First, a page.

Mixed and mastered at Moon Magnet Studios, “Slackjaw” seamlessly melds different bits of the aforementioned artists’ musical styles. From Ishka Bee Phoenix and Megan Crooks’ soulful vocals to the electric dance vibes from Reed Fox or the mellow traces of Jeremy Averitt, this track balances and mixes all sorts of influence into the delicious musical potion that is “Slackjaw.”

Moon Hammer. Photo Credit:   Julianna Photography

Moon Hammer. Photo Credit: Julianna Photography

“Slackjaw” begins with a funky, percussive melody on piano and vocals that immediately evoked Janelle Monae. Shortly after the first verse, the “magneteers,” begin to drop in and add layers of their musical style and genre-casting body into the tune. Soon Phoenix and Crooks begin harmonizing (evocative of Ibeyi), spewing impeccable lyrics that detail themes embedded in this song: inner demons, shadows of the self, and haunting pasts. At this point, listeners are wrapped up in the refrain, “I walk three steps behind you/I walk too far to measure… I walk now.”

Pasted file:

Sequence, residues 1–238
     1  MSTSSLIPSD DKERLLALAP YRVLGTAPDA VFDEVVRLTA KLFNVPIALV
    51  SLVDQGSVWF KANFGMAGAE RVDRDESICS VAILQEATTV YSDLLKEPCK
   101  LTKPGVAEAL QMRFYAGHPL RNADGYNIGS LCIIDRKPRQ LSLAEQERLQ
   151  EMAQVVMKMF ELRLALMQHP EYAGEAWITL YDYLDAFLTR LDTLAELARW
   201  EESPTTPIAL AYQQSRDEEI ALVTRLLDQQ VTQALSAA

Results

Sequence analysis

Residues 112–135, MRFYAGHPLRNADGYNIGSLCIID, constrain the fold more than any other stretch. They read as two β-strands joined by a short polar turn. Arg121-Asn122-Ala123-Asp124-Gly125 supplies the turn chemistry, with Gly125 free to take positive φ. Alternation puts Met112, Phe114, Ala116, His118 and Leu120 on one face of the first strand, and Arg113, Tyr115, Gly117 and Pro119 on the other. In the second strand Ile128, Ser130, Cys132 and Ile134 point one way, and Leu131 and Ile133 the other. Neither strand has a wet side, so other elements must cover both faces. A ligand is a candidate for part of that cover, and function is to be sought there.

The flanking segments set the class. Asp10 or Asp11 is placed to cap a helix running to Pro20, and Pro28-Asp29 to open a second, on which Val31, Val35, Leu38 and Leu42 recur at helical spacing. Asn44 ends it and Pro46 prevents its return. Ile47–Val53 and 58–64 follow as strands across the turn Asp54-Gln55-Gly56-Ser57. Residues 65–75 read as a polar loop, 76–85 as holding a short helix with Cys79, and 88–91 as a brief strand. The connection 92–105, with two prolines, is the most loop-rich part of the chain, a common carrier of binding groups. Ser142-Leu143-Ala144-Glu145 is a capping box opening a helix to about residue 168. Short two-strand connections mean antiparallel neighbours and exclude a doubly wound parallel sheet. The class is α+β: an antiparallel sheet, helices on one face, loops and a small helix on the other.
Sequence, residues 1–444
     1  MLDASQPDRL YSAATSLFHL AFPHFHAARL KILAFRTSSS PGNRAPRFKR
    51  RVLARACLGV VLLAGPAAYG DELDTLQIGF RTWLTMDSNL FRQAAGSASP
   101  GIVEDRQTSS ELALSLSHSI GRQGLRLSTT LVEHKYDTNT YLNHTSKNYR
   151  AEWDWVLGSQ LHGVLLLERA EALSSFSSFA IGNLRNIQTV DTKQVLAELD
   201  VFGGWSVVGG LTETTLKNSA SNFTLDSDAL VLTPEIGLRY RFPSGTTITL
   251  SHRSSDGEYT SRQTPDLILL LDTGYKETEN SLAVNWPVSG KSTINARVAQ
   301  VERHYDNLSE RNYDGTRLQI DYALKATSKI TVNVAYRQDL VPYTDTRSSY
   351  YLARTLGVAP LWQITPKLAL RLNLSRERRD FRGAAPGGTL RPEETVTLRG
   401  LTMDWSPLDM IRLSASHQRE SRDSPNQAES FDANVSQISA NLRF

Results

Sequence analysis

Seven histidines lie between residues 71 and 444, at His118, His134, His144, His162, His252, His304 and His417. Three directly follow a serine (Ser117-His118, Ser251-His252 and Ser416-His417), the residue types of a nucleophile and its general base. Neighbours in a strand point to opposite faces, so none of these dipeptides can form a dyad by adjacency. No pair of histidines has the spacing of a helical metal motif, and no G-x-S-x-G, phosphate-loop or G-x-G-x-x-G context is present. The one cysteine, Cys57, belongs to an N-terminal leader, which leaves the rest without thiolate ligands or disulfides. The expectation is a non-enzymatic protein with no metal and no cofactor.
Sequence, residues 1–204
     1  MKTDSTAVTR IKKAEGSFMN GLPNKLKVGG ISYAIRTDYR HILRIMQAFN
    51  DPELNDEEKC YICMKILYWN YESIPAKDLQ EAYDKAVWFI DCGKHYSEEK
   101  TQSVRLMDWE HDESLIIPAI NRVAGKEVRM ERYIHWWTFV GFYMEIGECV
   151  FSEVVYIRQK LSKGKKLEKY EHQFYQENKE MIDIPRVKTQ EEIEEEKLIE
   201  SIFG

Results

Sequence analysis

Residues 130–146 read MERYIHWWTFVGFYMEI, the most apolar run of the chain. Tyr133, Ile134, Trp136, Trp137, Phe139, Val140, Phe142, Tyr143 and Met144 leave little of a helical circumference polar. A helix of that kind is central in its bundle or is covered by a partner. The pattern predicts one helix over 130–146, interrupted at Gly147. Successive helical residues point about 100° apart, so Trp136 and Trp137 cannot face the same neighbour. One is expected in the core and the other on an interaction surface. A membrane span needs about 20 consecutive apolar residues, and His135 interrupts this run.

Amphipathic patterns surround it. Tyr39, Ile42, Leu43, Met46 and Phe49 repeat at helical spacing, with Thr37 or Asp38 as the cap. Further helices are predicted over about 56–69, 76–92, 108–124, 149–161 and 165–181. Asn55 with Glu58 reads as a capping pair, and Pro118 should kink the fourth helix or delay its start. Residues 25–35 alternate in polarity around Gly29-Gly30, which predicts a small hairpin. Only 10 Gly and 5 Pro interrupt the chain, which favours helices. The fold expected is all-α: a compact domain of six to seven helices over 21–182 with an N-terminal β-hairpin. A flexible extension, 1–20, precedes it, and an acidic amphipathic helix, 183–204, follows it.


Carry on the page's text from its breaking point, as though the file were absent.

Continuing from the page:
About midway through this song a distance from the rhythmic, funky first half begins to form as the “I walks” become echoey, meandering in the distance, and the vocals begin to sound like the inner demon the song speaks to. The edges of the tune become fuzzier as psychedelic/synthy elements develop while the song continues. 

Artwork by Ishka Bee Phoenix.

Artwork by Ishka Bee Phoenix.

The track then circles back from that murky distance, but there is a residual strangeness from that section of the tune, now blending with sounds that the song started with as the song closes. 

Ishka Bee Phoenix says that the writing process of this eclectic group of artists unfolds when “we all get together and drink shitty beer and laugh and hug and give each other butterfly kisses and sometimes cry, until someone asks, ‘Hey whatcha got?’ And the ideas just tumble out.”